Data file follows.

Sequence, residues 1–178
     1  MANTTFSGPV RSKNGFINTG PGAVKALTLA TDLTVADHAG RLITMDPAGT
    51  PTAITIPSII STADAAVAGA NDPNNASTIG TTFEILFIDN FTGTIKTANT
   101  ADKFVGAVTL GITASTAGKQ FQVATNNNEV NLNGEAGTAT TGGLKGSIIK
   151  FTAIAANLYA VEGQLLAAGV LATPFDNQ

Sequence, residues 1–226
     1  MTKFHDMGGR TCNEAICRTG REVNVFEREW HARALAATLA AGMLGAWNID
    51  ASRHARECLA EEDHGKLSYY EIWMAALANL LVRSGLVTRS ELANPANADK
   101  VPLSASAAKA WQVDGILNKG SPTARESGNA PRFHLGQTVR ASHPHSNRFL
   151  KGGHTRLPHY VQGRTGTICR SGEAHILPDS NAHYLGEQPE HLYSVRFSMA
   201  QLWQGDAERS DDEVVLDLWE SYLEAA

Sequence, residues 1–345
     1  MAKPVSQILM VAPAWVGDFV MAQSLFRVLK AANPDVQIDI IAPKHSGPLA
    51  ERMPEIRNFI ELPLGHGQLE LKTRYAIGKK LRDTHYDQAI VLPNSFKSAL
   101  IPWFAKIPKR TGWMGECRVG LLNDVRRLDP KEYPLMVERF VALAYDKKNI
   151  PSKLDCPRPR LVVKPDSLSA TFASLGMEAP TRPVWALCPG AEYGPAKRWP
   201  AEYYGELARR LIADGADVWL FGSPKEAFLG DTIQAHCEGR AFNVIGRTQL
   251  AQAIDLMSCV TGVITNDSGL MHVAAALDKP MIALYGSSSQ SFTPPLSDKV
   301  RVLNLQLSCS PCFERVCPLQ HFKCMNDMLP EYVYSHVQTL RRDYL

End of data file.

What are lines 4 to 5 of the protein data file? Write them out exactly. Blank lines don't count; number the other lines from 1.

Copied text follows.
   101  ADKFVGAVTL GITASTAGKQ FQVATNNNEV NLNGEAGTAT TGGLKGSIIK
   151  FTAIAANLYA VEGQLLAAGV LATPFDNQ